We’ve tried not to push the idea of “best friends” on Taylor and have in fact kept 99% of our social activities outside of school, with friends who do not go to her school. All summer long she only saw one school friend, once. We didn’t set up play dates and didn’t get asked to them either.
The negative person in me wants to jump to worrying about that scenario, and ask why no one thought to invite her over. But when it boils down to it, I’m happy that for now her strong friendship roots are in family and friends outside of school. She has plenty of friends at school, she just doesn’t spend a lot of time with them outside of school. As a kid, the only friends I had were school friends, and as we got older and quarrels grew ever increasing, those quarrels carried into school and made for a sad experience that probably hurt my learning. I’m hoping that by keeping her foundation rooted in outside-of-school friends, these issues won’t come up as much. Maybe I’m just being naive and it’ll all blow up in my face, but for my girl’s sake I hope it doesn’t. How do you all handle school versus outside of school friendships?
It’s still hard for some people to understand that some kids don’t like school. On the first day I was explaining to a fellow school mom how nervous Art and I both were for a new school year, and all the tears it may bring. When I explain that my kids, rather one in particular, isn’t such a fan of school, she looked at me with that shocked, kind of squinty face that conveys pure disbelief, and just said, “Huh?” I think she may have almost said “I don’t get it.”
Not all kids love school. Some kids just love being home. This does not make my kids future delinquents of America, and does not make me a bad mom because she’d rather stay home and read in her comfy bed. Nor does it make me a good mom that she’d rather stay home in her comfy bed in this fabulously loving home which she never wants to leave. It just is what it is, quite simply, and those of us who have to deal with kids who don’t love school are a sad lot. We worry that they’re sad or lonely or anxious at school, we wonder if these stressors are going to inhibit learning. We hate hearing the whining and moaning the night before and the morning of school. We hate the battles that erupt, the talking through and all the hand holding. It’s hard and the best thing you can do, if you have a friend with a kid like this, is just support them. Unless you have personal experience that may actually be beneficial because it worked for you personally, don’t offer suggestions about how they can get their kids to love school. And for goodness sake don’t look at them like they have two heads when you explain the troubles you have getting your kid to school some days.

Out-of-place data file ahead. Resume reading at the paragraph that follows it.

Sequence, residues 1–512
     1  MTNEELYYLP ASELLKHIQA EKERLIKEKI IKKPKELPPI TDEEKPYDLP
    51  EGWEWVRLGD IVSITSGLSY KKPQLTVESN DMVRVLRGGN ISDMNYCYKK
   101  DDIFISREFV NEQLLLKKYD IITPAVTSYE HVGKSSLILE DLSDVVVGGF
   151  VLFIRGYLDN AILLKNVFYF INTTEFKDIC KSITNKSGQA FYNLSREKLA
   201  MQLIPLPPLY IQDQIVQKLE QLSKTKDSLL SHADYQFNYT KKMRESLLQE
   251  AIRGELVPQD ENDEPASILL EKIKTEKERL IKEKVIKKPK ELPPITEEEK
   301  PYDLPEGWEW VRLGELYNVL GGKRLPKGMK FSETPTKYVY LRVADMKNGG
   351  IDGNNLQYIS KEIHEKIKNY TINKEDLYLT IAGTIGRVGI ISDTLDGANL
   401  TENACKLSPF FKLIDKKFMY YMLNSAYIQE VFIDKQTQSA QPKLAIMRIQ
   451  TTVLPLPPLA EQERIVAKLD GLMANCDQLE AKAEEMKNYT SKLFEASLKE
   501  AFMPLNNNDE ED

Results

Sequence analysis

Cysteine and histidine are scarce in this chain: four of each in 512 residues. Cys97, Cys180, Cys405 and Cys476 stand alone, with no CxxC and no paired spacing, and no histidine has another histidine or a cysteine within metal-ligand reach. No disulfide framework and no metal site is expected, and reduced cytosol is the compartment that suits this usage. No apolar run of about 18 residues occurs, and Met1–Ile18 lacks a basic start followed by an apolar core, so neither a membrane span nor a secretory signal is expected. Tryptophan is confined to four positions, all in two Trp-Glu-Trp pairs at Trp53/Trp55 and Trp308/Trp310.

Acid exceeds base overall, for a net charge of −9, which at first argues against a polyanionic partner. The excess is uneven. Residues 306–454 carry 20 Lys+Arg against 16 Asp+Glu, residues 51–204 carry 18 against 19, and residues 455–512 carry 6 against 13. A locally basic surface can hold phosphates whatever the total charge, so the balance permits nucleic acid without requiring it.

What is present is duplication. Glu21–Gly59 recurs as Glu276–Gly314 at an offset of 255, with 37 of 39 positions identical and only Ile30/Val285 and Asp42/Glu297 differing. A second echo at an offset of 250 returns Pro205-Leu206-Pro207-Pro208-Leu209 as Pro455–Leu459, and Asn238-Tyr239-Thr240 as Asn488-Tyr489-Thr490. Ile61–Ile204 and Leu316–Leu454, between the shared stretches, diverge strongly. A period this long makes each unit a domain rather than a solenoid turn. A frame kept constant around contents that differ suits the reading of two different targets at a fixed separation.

If you have a kid who doesn’t love school, and you’ve just started, hang in there. It does get better and easier with time, for both you and them. The crying and fights will dwindle down and eventually they’ll be almost gone completely. Long breaks like school holidays, 3 day weekends and vacations will make going back to school tougher than usual, and Mondays can be hard, so be sensitive to that. But other than that, just hang on and continue to encourage them. It will get better and easier, I promise.
So that’s how back to school has been going for us. How about you guys?
Oh, and Taylor was late to school today, the 9th day of school. And we live right across from the school, literally. Guarantee it won’t be the last time. We need a new system in the morning. How’s that for awesome parenting?